master socket.

Zen also state that this data cable (whatever
sort of data it carries) can be left lying around
for me to route to the computer equipment/modem
in my own time, which I would prefer. Is this
also correct? It seems reasonable.


Yes. I'm not sure if the Openreach engineer is obliged to install the
extension cable, but I expect he'll be glad to leave it to you.

Rod.
  #4  
Old July 24th 14, 09:29 PM posted to uk.telecom.broadband
Andy Burns[_2_]
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Posts: 210
Default Still Confused About Fibre

Roderick Stewart wrote:

A pluggable cable goes from the data socket to the VDSL modem which
Openreach will supply and fit. The shorter the better, but if they say
you can have it up to 30 metres away, then you can.


I don't think the 30m refers to them leaving you a long patch cable, but
is the maximum distance they'll be prepared to relocate the master
socket by (ISPs can order FTTC with or without this socket relocation
included).

  #5  
Old July 24th 14, 09:29 PM posted to uk.telecom.broadband
Woody
external usenet poster
 
Posts: 752
Default Still Confused About Fibre

The usual limit of Ethernet is 100m if not carrying PoE, or
60m if it is.


--
Woody

harrogate three at ntlworld dot com


  #6  
Old July 25th 14, 10:02 AM posted to uk.telecom.broadband
PlusNet Support Team
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Posts: 995
Default Still Confused About Fibre

On 24/07/2014 21:29, Andy Burns wrote:
Roderick Stewart wrote:

A pluggable cable goes from the data socket to the VDSL modem which
Openreach will supply and fit. The shorter the better, but if they say
you can have it up to 30 metres away, then you can.


I don't think the 30m refers to them leaving you a long patch cable, but
is the maximum distance they'll be prepared to relocate the master
socket by (ISPs can order FTTC with or without this socket relocation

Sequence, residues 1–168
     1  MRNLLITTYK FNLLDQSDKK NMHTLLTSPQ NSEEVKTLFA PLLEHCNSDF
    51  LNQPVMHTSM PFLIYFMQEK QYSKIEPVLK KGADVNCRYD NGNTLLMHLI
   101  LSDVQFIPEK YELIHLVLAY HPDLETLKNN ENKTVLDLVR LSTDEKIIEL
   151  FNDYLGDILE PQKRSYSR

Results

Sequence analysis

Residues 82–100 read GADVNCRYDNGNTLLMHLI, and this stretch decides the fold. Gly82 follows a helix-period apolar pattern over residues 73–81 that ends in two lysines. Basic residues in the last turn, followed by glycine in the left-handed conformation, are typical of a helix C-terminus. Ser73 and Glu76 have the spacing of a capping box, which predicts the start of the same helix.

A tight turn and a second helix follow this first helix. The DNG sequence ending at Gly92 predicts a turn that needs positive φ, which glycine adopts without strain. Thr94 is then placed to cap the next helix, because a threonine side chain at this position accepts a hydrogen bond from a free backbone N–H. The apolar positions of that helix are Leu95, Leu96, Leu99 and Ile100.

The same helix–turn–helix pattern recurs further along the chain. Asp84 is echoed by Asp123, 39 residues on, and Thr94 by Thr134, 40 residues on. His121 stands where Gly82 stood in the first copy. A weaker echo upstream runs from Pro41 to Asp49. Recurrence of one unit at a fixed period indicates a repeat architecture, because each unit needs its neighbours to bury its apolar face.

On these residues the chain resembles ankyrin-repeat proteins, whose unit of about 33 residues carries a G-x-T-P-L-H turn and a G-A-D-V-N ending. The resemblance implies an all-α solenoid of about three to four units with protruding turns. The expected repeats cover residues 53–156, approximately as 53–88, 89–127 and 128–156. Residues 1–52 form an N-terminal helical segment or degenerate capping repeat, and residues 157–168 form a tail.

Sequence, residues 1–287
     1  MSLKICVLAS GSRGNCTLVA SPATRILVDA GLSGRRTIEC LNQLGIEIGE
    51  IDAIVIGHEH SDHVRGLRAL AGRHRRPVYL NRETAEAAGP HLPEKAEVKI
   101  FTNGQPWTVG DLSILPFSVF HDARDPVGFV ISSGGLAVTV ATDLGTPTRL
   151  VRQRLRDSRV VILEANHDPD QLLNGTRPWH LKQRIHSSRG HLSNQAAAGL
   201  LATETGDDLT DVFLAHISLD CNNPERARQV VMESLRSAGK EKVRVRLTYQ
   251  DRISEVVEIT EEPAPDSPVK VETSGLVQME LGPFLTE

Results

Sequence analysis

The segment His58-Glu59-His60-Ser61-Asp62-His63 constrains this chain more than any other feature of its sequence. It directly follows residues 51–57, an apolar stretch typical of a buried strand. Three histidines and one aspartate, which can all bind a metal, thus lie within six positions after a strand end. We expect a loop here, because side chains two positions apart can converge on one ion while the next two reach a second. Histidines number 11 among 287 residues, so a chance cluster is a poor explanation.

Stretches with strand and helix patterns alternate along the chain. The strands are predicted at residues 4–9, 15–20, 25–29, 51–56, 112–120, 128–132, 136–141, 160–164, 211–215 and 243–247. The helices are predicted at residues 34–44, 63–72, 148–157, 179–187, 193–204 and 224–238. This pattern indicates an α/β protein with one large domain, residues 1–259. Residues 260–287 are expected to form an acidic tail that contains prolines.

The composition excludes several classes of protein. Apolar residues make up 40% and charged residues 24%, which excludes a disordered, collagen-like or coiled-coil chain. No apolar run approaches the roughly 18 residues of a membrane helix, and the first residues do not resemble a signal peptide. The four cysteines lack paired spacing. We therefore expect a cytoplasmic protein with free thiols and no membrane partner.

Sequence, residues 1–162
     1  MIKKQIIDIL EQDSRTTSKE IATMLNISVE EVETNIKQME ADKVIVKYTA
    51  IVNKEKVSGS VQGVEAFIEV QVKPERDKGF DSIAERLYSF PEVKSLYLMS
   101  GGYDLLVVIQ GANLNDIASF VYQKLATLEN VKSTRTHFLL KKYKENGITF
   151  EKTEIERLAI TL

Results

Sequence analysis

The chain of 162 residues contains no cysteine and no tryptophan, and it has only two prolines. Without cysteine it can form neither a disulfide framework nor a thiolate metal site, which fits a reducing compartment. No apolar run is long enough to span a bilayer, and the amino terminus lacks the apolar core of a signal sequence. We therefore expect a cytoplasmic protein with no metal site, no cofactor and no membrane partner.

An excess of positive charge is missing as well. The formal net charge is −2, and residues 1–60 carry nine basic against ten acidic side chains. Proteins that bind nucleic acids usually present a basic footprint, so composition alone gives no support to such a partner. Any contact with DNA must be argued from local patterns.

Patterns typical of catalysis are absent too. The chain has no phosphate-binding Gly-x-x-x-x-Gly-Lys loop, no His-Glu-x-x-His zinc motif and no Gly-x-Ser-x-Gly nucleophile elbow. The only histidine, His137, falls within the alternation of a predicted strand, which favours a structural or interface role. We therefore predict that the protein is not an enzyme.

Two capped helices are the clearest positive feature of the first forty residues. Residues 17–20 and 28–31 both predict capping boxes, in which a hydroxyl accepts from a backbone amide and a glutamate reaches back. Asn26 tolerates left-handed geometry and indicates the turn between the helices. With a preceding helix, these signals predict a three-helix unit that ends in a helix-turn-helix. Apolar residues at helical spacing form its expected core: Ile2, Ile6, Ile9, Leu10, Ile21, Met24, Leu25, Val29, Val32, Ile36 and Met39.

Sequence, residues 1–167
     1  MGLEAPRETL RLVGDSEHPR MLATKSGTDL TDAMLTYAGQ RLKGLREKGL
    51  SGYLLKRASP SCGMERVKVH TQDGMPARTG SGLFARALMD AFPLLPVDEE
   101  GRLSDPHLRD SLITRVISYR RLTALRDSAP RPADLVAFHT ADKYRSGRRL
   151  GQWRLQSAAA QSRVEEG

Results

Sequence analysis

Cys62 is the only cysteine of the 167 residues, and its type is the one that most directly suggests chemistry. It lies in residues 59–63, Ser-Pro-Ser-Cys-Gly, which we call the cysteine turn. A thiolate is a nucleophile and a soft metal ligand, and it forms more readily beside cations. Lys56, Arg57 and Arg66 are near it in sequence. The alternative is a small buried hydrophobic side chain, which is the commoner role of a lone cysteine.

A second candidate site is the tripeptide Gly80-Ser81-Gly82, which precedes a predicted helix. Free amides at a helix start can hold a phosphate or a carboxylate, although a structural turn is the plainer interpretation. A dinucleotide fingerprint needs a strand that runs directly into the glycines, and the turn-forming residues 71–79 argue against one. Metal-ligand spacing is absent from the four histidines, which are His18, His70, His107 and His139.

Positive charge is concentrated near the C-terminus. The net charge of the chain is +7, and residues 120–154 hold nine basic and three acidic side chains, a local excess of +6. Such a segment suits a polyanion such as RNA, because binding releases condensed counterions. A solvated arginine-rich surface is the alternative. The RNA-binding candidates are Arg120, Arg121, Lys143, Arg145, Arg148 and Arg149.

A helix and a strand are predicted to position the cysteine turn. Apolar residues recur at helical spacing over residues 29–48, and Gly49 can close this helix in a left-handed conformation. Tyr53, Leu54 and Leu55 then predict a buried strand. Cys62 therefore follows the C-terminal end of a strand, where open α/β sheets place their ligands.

included).


It's actually the former but in practice you'll often find the latter
ends up getting done.

Be wary if it's a contractor that's sent to do the install. I've seen a
fair few examples where they seem completely oblivious to the whole
extension kit thing.

--
|Bob Pullen Broadband Solutions for
|Support Home & Business @
|Plusnet Plc. www.plus.net
+--------------- twitter.com/plusnet ----------------
  #7  
Old July 25th 14, 10:13 AM posted to uk.telecom.broadband
Mike Civil
external usenet poster
 
Posts: 46
Default Still Confused About Fibre

In article ,
Jim wrote:
My BT socket is in the hall. My router upstairs.


Another option is to use powerline adapters to link the modem and
router. Can be dependant on mains wiring topology but certainly works
here (currently linking an HG612 and an RT-N66U).
  #9  
Old July 25th 14, 11:40 AM posted to uk.telecom.broadband
Brian Mc
external usenet poster
 
Posts: 140
Default Still Confused About Fibre

Roderick Stewart wrote:
: my router's WAN port. Which is correct?

: The incoming telephone cable is hardwired to the master socket. There
: are two socket connections on it, a standard BT phone connector and a
: data socket. The phone outlet is already filtered so you don't need
: additional filters.

I had an OpenReach engineer for my Fibre installation back in March.

My old master socket was by the front door and there was no space for the
new (larger) VDSL master socket. Also I had no power anywhere near there.

My engineer was happy to crimp the incoming phone line onto a cable pair
leading directly to an extension socket - and then to make this extension
socket into the new master socket. As extension wiring will be - at least
- two pairs (4 wires) other extensions can still be wired in downstream of
the new master socket.

It gave me exanctly the solution I wanted and is worth asking about!

  #10  
Old July 25th 14, 01:54 PM posted to uk.telecom.broadband
Davey
external usenet poster
 
Posts: 585
Default Still Confused About Fibre

On Fri, 25 Jul 2014 10:13:10 +0100
Mike Civil wrote:

In article ,
Jim wrote:
My BT socket is in the hall. My router upstairs.


Another option is to use powerline adapters to link the modem and
router. Can be dependant on mains wiring topology but certainly works
here (currently linking an HG612 and an RT-N66U).


Be aware of a LOT of opposition to the use of these devices, due to the
fact that they turn your house wiring into a large RF radiator.
Check out the thread: 'Wifi Extender to replace Powerline'
in this NG, and there was at least one more robust discussion somewhere
else.

--
Davey.